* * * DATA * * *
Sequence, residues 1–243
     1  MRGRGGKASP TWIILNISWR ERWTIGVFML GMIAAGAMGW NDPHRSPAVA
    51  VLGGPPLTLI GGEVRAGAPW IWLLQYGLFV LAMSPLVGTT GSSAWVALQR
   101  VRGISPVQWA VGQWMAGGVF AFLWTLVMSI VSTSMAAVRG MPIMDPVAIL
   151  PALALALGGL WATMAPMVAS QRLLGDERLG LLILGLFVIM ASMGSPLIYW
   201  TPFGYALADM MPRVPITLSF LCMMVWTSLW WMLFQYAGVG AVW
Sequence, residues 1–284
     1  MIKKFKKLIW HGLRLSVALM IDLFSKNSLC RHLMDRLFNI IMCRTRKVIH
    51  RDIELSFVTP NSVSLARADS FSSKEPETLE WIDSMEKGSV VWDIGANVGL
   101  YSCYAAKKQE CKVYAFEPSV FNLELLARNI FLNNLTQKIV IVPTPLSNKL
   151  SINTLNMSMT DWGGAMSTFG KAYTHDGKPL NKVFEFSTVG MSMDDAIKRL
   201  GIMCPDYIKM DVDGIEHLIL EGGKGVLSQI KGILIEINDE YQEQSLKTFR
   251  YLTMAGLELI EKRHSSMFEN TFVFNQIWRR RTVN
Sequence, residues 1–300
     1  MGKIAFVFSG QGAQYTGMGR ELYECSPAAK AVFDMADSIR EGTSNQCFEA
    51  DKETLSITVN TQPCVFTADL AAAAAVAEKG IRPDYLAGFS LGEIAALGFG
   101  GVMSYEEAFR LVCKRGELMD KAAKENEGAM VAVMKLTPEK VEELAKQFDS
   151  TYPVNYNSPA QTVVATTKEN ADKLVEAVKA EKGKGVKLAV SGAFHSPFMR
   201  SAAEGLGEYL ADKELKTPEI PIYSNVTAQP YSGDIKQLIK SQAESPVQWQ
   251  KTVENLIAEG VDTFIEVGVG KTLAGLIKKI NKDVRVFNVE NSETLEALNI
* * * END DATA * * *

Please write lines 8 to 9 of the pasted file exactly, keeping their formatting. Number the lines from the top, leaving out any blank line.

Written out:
     1  MIKKFKKLIW HGLRLSVALM IDLFSKNSLC RHLMDRLFNI IMCRTRKVIH
    51  RDIELSFVTP NSVSLARADS FSSKEPETLE WIDSMEKGSV VWDIGANVGL